Yeah, I got the cherry red. I was asserting my poetic license with white as it references the original quote from Max. As you’ll note, for this discussion, I redefined dirt too because use of some less inclusive words were causing confusion.
As previously stated, when I built my retort, it started with what I thought was the best idea that was the result of months of study. Tried it, modified,tried,modified,tried,modified…then I finally got it right. I’m doing the same thing now with the charcoal gassifier. My starting point is the Gillmore Gassifier David Parrot videos. I am unable to find the specifics of it’s construction. That’s why I posted here. There is a tremendous amount of expertise within this forum, that’s why I came here. Unfortunately all that really good information is scattered throughout this haystack(more poetic license refering to needles). If I wanted to hunt elk in Montana, given the short length of season, I’d want a guide to give me an idea where to find elk. Given time I can find my own danged elk and shoot it myself, but.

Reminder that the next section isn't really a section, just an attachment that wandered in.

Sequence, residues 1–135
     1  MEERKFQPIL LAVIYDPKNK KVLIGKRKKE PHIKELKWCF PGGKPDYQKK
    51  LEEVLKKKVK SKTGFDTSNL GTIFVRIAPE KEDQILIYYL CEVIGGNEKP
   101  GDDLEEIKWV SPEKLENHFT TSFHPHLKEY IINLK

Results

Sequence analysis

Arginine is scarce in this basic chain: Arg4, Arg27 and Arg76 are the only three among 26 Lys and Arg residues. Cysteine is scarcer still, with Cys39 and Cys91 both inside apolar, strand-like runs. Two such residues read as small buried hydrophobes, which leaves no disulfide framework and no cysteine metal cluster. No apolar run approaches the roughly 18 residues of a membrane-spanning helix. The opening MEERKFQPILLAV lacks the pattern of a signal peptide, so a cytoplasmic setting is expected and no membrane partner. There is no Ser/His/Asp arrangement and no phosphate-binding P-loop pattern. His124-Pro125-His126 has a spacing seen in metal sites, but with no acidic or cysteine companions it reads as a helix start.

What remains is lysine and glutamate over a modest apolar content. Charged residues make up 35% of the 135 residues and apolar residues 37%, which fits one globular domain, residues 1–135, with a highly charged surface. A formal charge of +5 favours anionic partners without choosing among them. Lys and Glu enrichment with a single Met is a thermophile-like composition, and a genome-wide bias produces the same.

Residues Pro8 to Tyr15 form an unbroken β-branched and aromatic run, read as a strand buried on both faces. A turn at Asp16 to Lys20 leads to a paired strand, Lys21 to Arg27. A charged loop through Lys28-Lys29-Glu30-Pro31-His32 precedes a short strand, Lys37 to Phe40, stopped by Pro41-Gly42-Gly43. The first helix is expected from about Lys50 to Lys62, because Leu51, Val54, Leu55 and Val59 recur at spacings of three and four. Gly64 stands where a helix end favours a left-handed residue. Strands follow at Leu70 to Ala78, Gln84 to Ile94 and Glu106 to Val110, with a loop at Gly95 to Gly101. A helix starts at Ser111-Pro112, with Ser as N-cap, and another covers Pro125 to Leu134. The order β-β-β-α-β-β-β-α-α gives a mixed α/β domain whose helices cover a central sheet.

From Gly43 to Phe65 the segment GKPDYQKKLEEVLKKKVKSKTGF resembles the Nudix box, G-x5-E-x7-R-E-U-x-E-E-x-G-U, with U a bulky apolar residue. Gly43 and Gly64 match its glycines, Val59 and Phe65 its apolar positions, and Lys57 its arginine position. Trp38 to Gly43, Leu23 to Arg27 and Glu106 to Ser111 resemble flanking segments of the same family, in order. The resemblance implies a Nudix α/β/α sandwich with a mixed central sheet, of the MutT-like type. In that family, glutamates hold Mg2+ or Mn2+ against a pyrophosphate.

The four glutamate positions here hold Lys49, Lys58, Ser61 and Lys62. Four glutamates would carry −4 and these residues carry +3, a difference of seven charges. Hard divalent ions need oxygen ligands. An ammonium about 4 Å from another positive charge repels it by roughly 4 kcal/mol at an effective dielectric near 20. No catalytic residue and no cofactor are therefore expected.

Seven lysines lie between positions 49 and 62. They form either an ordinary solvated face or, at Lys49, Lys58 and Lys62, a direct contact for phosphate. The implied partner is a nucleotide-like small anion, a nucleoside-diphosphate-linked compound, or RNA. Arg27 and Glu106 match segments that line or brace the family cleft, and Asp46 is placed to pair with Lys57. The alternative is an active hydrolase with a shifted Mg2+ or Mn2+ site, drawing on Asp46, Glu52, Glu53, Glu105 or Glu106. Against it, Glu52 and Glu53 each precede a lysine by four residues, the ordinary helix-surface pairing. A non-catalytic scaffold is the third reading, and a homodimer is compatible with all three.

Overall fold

Tig nozzels looked like a good solution. They are and they aren’t. They’ll take the temp, they can’t take the volume. Other “cast refractory” looks promising. Some failed, some didn’t. Why did they fail? Was the mass too small? Was the composition(specific recipe) to blame? When “cast refractory” nozzles succeeded what was their mass and composition?
Copper 1/4 inch thick and thick iron has been touted as working for nozzles of various types. In my opinion it’s best to keep construction details as simple as possible or it ain’t worth a (poetic license). To put things in perspective, the closest Walmart is 90 miles, sorry that doesn’t translate for those on another continent. I can find clay or bentonite or ash or sand. I can make waterglass from lye and kitty litter, if I have to. I can re-invent the wheel, but it seems like a waste of time. If ya never swiped an idea and improved on it ya ain’t worth a(poetic license).